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the man who brought the stars to pittsburgh

In 1849 when an excited 9-year-old Brownsville lad named John Alfred Brashear first glimpsed the planet Jupiter through a telescope, he resolved to share the delights of the night sky with his fellow man.


By the age of 23, he had ascended to the position of wheelwright in a Pittsburgh iron mill. Rolling blooms into slabs by day and grinding glass into mirrors by night, his penchant for precision machining, combined with his love of astronomy, proved to be a perfect answer to the problems associated with making celestial telescopes. While Brashear admitted of knowing nothing whatsoever about building telescopes at the start, he realized his dream of bringing the stars to Earth by dint of a formidable intellect, unrelenting diligence and personal charm. Resourceful above all, Brashear worked behind his South Side home in an 8 ½ by 10-foot coal shed fitted with a homemade workbench and second-hand lathe driven by a steam engine and boiler that his wife, Phoebe, stoked every night before John returned from the mill. He sought the advice of experts in telescopy by mail, asked local opticians for sources of optical glass and made his first lenses by trial and error, breaking a few in the process. In response to the problem of mirrors cracking while cooling after silvering, Brashear developed a method for room-temperature silvering that proved successful. Subsequently, the Brashear Process became the standard telescope mirror silvering process around the world.


When his first telescope was complete, he cut a hole in the roof of his home, mounted the 9-foot- long instrument in the attic and opened the door for all to view the heavens. His boyhood resolution had been fulfilled, but he was not inclined to stop there. John Brashear went on to found the Brashear Company, which supplied mirrors, glasses and spectroscopes to some of the most prestigious observatories in the world.


Among his many appointments, awards and recognitions; he was inducted into the American Association for the Advancement of Science, elected Chairman of the Allegheny Observatory and appointed Acting Chancellor of the University of Pittsburgh. As word of his genius spread, he rubbed elbows with such 19th century luminaries as Andrew Carnegie, Charles Schwab and William Thaw for whom the Allegheny Observatory’s 30-inch refractor telescope is named.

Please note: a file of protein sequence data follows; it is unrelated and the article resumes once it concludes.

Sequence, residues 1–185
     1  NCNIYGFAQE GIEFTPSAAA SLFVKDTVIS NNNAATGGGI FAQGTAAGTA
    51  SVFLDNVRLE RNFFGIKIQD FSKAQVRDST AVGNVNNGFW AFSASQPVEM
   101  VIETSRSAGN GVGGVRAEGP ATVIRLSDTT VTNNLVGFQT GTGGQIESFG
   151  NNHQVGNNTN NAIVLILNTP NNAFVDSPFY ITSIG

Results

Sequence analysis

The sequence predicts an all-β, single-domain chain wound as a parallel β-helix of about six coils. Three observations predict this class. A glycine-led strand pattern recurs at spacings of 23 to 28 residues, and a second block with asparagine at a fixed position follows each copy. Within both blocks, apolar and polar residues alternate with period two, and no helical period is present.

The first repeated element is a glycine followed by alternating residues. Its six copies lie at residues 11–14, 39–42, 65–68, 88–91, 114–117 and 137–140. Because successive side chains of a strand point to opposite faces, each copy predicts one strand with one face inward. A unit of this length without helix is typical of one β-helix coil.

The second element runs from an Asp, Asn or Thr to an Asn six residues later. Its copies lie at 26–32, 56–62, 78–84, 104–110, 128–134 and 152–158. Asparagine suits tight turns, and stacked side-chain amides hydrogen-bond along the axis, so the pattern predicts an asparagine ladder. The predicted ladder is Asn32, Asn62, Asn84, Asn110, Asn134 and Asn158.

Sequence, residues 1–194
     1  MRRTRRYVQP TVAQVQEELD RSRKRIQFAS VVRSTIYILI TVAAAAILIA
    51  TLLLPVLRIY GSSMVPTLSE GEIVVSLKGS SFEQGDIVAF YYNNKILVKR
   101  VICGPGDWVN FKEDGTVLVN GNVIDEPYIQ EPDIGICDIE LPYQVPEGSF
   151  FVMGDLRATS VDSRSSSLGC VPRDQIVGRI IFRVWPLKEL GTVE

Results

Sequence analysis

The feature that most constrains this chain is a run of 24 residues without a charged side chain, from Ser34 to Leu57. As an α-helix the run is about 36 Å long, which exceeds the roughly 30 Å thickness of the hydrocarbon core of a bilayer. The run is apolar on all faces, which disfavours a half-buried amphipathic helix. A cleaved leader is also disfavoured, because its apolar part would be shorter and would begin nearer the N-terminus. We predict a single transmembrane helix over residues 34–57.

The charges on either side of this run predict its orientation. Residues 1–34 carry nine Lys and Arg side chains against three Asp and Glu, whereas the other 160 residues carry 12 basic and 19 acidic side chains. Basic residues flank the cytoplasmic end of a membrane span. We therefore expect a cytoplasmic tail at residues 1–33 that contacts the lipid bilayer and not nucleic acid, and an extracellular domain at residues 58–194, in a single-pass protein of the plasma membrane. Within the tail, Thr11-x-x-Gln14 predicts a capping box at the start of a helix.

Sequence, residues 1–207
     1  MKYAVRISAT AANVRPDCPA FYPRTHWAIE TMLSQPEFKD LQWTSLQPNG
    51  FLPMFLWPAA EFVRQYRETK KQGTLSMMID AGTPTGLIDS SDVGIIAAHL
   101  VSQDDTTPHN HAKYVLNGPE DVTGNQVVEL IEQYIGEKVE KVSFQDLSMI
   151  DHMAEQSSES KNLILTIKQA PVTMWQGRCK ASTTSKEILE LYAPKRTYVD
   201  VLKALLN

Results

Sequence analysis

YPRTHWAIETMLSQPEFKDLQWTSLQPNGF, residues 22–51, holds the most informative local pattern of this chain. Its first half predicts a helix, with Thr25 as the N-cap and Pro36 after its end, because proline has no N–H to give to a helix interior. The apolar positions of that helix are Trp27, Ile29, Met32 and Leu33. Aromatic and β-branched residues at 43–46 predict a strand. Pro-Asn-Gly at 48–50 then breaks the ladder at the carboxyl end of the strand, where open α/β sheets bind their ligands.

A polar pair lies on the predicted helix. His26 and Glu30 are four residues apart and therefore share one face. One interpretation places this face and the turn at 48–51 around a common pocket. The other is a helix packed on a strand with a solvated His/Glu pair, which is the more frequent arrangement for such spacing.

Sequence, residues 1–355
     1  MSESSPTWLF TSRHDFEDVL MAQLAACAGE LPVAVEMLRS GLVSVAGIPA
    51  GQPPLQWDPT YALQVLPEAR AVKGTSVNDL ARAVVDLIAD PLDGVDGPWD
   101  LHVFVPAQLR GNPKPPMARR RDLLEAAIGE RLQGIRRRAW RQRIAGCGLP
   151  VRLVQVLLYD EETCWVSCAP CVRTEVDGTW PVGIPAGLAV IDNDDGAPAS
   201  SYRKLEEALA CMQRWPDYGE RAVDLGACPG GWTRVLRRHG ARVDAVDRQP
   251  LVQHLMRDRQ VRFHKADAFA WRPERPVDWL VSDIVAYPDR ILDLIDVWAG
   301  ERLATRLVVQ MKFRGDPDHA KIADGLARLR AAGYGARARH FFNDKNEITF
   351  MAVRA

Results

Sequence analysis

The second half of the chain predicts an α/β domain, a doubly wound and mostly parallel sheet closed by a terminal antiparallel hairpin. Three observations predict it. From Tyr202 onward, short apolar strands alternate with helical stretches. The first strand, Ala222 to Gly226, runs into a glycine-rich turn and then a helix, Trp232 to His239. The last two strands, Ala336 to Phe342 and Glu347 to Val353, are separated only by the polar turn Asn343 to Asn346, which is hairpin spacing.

When the time came for the original Allegheny Observatory to be replaced by the one that stands now, it was John Brashear who almost single handedly raised the $250K for the magnificent edifice and the instrumentation inside.


Today, in that building’s rotunda, a luminous stained glass image of Urania, the Greek muse of astronomy, gazes upon a blue Earth-like orb she holds in one hand while raising the other to the sky as though investing dominion over the heavens in the life-size bronze statue of John Brashear sitting on the floor beneath her.


Although the practical realities of his life precluded a grand formal education, John Brashear knew who he was and made the most of what he had. A plaque above the door of his South Side residence bore the inscription, "Somewhere beneath the stars is work which you alone were meant to do. Never rest until you have found it."


As his life story shows, John Brashear was a man inclined to take his own advice.


This article first appeared in Tom Imerito’s TEQ column, Innovation Chronicles.

© Copyright 2007, Thomas P. Imerito / dba Science Communications


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©2009 Science Communications
thomas@science-communications.com